IV Leaves of Grass is Whitman's personal record. It is a subtle and profound autobiography. He himself composes the epic of the senses, the passions, the ideas, the spiritual aspirations the book displays. Whether speaking of men, animals, or things, he has reference to himself, through whom the whole creation moves as in an endless procession. The universe that he describes is the one he has personalized in his own consciousness. This quality of the book is emphasized by the presence in every edition of something marked, as it were, “personal,”— an autograph, a portrait, a special note or poem. The portrait facing the Song of Myself is, , as Whitman said to his publisher, involved as part of the poem, an inherent
part of his message to the world. This characterization needs, however, some modification. The poem is not in a narrow sense autobiographic. While its first impression is that of a personality, the succeeding and dominant feeling is that of impersonality. His “I” has an infinite range of meaning. He stands as the type, the microcosmos, a man embracing all experiences natural to men and women. His joys and sorrows, virtues and vices, are as often vicarious as personal.
« If you become degraded, criminal, ill, then I become so for your sake.” His experience furnishes a most remarkable proof of the possibility of identifying the individual with the universal man, and raises the question whether the true self is not in very fact the Spirit of the Universe. His own soul in its growth took on impersonality. He learned to speak of himself in an objective manner, the words “Walt Whitman” standing to him as a sign of the universal man. • What am 1,” he once said, “ but an idea, spirit a new language for civilization ? In the last editions of his poems, passages referring to himself- as the lines in the Song of the Broad-axe descriptive of his own shape omitted. During later years the perception grew that his work was especially representative. In the note at the end of the 1889 edition of the Complete Works he queries: « The fancy rises whether the 33 years of life from 1855 to 1888, with their aggregate of
our New World doings and people, created and formulated the works — coming actually from the direct urge and developments of those years, and not from
individual epic or lyrical attempts whatever, or from my pen or voice, or anybody's special voice, therefore considered as an autochthonic record and experience of the soul and evolution of America and of the world.” It is better perhaps to conceive of Whitman not so much as a separate person as the representative of a cosmic instinct and tendency.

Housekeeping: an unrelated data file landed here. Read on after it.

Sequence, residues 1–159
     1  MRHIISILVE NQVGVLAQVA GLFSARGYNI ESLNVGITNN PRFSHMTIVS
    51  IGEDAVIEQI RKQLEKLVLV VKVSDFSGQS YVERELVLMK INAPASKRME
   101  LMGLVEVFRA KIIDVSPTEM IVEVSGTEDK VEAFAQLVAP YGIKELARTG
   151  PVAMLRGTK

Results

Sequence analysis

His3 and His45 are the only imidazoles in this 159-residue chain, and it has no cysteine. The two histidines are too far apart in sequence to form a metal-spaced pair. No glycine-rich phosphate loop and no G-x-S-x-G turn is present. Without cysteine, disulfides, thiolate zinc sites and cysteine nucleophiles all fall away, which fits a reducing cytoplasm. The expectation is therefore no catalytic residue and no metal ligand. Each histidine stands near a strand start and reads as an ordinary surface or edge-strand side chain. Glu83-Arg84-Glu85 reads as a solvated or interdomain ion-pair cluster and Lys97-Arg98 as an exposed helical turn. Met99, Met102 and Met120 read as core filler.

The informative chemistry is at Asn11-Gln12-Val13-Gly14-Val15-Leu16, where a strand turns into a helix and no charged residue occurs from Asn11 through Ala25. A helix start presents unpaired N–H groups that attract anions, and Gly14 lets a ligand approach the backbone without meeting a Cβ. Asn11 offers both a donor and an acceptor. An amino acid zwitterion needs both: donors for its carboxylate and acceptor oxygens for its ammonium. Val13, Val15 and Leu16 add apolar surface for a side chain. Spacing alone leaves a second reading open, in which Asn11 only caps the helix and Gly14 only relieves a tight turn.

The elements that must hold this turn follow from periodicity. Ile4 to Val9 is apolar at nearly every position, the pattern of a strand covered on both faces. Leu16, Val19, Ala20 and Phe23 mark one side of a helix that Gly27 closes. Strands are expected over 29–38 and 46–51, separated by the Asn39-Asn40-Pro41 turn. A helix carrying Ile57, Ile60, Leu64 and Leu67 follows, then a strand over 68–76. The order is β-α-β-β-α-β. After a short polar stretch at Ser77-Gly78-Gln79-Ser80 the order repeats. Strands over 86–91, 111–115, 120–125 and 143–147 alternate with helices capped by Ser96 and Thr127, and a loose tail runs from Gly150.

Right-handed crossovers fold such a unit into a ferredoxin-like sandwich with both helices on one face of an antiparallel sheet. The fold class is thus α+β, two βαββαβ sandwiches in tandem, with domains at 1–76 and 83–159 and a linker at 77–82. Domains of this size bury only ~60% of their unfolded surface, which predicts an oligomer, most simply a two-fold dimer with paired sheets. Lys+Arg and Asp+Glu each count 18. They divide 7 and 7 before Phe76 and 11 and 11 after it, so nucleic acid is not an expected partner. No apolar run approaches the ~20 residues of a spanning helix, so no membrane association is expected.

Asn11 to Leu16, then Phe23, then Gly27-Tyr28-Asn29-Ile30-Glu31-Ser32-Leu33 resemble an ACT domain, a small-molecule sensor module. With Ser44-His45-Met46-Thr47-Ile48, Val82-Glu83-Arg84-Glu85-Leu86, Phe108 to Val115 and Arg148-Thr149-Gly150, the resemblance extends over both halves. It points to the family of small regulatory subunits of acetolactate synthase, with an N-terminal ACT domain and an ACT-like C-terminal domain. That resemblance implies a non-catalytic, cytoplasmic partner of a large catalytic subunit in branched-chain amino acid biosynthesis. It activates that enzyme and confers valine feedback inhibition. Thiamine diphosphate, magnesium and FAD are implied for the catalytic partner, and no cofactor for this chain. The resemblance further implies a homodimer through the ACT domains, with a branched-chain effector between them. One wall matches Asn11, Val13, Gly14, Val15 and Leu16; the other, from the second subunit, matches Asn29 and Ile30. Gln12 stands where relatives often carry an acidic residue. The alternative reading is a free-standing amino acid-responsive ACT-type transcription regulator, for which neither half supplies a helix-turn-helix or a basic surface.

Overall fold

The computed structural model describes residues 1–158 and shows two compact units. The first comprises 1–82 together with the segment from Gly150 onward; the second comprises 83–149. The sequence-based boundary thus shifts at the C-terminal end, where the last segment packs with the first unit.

V Nevertheless, the incarnated form and soul have to be considered, with their particular growths and experiences from the time of birth to death.
Walter was the second of a family of nine children,- seven boys and two girls. The Whitmans are English stock, the line in New England being directly traceable to the Rev. Zechariah Whitman (born 1595), who came from England in 1635, and settled at Milford, Connecticut. The Whitmans were men of considerable prominence in the colonial days. The Rev. Zechariah Whitman of Hull, Massachusetts, the nephew of the Milford Whitman, was a Harvard graduate (1668), and is described in the Dorchester records as
“ Vir pius, humilis, orthodoxus, utilisimus.' Joseph Whitman, of the Milford family, moved to Huntington, Long Island, about 1660, purchasing the farm at West Hills, which was occupied in turn by Whitman's great-grandfather, grandfather, and father. The family burying-ground, on the home farm, contains perhaps fifty stones, uninscribed as was the Quaker custom. The Whitman line is described as a long-lived race, large of stature, slow of movement, sturdy and friendly of nature. They appear to have been of democratic and heretical tendencies. In the Revolution several of the family were soldiers and officers of rank under Washington. Many members of the family have maintained the New England academic traditions, twelve of the name having graduated from Harvard, five at Yale, and nine at other Eastern colleges. There have been ministers and teachers beyond number. The great-grandmother on the paternal side is known to have been a large, swarthy woman, rather rude in s disposition. The immediate grandmother, Hannah Brush, was a woman of superior type. With memories of the Revolution, she instilled into her grandson the spirit of independence. Walter Whitman, the poet's father (born 1789, died 1855), was pere a farmer and carpenter.
He is pictured as a large, quiet, serious de